Fans Looking Out for Fans: Movie Health Community Evaluates Potential Health Hazards in “Potter” Films
Portions of this article contain wording or phrases that may be triggering to some readers.
A movie at the theater, popcorn in your hands, maybe even a soda and some candy… it all makes the perfect evening. What makes going to the movies so fun for a lot of people is seeing all the action up close and on the big screen. But for viewers with invisible disabilities or photosensitivities and even those sensitive to certain forms of violence and gore, the movie-watching experience isn’t all popcorn and candy.
That’s where Movie Health Community comes into play. Founded by a fan blogger, Movie Health Community is a public-service blog on Facebook and Tumblr. The blog has evaluated over 700 movies for potential hazards to both physical and mental health. Movie Health Community keeps an eye out for hazards ranging from strobe lighting effects and PTSD triggers to vomit, blood, gore, sexual assault, body horror, and kidnapping.
The Harry Potter movies are just a handful of the films to have been reviewed. However, given that Movie Health Community’s “methods of evaluating films for health hazards have expanded” since then, new reviews with updated information about triggers and warnings were deemed appropriate. But Harry Potter is supposed to be a family-friendly movie experience, right? Yes, in a general sense, they are more or less fine for family viewing. None of the films ever got above a PG-13 rating, but those ratings don’t tend to include some of the darker themes shown throughout the films.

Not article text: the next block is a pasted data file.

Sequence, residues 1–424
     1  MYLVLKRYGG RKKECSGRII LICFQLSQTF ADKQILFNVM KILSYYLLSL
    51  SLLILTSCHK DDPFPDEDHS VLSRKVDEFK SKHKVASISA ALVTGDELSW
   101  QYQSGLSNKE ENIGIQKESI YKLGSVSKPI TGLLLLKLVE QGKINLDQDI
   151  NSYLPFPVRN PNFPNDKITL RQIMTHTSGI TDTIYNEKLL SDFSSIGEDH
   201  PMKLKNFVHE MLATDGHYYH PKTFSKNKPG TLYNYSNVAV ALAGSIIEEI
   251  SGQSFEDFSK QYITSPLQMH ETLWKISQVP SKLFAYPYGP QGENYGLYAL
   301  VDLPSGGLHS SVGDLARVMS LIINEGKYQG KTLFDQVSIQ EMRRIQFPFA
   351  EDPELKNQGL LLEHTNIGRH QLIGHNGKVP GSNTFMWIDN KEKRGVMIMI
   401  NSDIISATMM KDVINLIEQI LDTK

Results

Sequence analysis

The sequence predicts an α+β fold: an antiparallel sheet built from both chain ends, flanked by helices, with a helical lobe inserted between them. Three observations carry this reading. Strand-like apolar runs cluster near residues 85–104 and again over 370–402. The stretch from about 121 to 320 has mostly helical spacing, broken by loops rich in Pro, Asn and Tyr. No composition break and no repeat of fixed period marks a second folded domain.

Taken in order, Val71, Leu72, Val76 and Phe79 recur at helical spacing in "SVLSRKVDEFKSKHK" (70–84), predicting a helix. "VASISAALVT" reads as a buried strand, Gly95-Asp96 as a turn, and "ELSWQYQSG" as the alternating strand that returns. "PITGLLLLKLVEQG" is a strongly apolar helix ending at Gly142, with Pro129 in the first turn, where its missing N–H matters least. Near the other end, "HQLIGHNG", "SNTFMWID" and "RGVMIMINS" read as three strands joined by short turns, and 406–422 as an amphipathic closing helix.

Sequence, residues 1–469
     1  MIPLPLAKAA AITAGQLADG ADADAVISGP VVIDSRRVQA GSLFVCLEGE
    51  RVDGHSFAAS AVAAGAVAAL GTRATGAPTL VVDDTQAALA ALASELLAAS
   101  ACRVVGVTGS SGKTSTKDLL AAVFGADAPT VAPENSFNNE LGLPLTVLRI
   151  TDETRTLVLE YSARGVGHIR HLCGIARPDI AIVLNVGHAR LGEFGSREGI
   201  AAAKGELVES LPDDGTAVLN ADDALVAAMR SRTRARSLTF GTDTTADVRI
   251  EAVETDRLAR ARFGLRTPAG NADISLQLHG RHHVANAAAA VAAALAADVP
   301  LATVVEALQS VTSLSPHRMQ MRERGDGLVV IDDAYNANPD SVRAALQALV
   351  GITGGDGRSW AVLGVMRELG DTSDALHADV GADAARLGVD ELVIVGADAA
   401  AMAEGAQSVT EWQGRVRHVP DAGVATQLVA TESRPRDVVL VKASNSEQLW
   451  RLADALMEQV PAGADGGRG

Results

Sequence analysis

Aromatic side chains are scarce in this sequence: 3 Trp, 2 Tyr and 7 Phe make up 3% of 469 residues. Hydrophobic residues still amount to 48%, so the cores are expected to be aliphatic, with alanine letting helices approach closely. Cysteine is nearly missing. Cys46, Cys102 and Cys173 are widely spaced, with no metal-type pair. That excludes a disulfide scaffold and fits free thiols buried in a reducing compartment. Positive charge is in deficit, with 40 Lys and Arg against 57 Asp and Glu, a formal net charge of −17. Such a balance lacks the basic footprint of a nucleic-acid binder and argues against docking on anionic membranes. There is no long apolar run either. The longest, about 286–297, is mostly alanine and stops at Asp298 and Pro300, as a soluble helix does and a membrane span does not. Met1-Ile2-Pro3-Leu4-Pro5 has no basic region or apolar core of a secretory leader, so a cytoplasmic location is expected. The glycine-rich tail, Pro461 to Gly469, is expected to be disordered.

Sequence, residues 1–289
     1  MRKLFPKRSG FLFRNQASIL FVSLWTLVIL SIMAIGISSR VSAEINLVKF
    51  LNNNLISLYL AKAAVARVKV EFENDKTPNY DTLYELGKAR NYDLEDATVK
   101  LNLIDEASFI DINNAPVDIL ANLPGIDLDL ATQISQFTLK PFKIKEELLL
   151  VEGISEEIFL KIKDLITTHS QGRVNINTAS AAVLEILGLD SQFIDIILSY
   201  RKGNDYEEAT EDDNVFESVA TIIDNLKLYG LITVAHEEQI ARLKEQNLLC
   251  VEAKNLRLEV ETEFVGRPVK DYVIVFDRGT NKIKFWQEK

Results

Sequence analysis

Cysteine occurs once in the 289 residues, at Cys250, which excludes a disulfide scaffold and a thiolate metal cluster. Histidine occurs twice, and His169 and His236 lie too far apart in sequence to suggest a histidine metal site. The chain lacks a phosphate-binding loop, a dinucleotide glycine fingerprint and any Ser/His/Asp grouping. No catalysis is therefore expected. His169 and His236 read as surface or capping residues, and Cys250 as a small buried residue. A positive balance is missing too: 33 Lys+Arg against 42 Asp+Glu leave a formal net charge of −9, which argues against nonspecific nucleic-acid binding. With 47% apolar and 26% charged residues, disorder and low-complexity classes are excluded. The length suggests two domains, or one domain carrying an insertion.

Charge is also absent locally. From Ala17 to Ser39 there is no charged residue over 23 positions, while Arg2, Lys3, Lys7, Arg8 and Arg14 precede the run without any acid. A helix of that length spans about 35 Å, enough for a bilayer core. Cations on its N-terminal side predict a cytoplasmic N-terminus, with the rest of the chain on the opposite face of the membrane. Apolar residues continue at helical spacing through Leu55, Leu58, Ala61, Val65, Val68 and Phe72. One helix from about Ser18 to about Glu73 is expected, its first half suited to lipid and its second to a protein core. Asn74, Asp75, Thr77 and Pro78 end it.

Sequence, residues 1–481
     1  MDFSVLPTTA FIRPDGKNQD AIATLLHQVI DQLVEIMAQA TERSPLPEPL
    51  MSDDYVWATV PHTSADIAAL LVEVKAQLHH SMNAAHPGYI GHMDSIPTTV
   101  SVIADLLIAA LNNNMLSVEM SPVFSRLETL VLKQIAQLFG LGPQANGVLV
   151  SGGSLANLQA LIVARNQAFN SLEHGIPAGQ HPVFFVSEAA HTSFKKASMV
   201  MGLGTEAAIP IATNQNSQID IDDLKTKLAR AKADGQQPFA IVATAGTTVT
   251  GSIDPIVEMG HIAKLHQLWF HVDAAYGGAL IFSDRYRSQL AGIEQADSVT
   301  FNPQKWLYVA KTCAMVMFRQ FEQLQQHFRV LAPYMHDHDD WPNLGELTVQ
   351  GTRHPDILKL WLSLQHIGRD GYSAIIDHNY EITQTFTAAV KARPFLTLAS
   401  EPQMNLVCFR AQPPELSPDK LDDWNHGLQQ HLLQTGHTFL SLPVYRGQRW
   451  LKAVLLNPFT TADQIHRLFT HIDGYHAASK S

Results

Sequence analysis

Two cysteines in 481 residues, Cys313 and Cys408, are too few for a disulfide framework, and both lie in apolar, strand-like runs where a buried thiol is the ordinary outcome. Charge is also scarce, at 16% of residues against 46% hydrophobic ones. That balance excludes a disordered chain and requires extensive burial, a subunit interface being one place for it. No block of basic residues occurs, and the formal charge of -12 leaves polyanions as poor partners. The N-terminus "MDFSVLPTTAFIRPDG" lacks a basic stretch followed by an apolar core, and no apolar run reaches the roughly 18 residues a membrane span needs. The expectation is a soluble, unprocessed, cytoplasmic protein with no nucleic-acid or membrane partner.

Let’s pick on one movie here for a second: Harry Potter and the Half-Blood Prince. It received a PG rating when it was released in 2009. The latest review from Movie Health Community gives the film a 4/10 for flashing lights and a 3/10 for motion sickness, with 10/10 denoting flashing lights around every corner. Under the trigger warning section of the review, it notes, “One incident of audible vomiting; convulsions and foaming at the mouth when a character is poisoned.” We think that particular warning comes from the scene in which Ron is unfortunately poisoned and nearly dies. But that doesn’t cover when Harry and Professor Dumbledore are in the cave attempting to retrieve Voldemort’s locket Horcrux and Dumbledore is begging for Harry to kill him, which was hard enough to watch as it is.
More warnings throughout Movie Health Community’s reviews note child abuse (*glares at the Dursleys*), acts of murder (looking at you now, Voldy), acts of terror from a supremacist group (such as one scene from Harry Potter and the Goblet of Fire after the Quidditch World Cup), animal cruelty and abuse (also in Goblet of Fire from Professor Moody), bodily harm (throughout several of the movies), and more. The list goes on.
Movies such as the Potter films with more mild forms of flashing or violence, while important to take note of, haven’t been the most problematic films to date. Back in 2018, when Incredibles 2 was released, movie viewers began to post warnings online for photosensitive viewers because of several scenes with continuous strobe effects. Movie Health Community rated the Disney Pixar film 10/10 for flashing lights and 8/10 for motion sickness. The writer of the blog even made a separate post to say that the movie was downright dangerous for epileptic and photosensitive viewers. A petition was started by Movie Health Community at the time of the release to get an epilepsy warning. Shortly after the release, the Walt Disney Company did in fact issue a seizure warning.
Movie Health Community strives to bring awareness to photosensitivity, epilepsy, mental health, and more. We’d like to extend a thank you to Movie Health Community for allowing MuggleNet early access to the latest reviews of the Harry Potter films, which you can read below in full.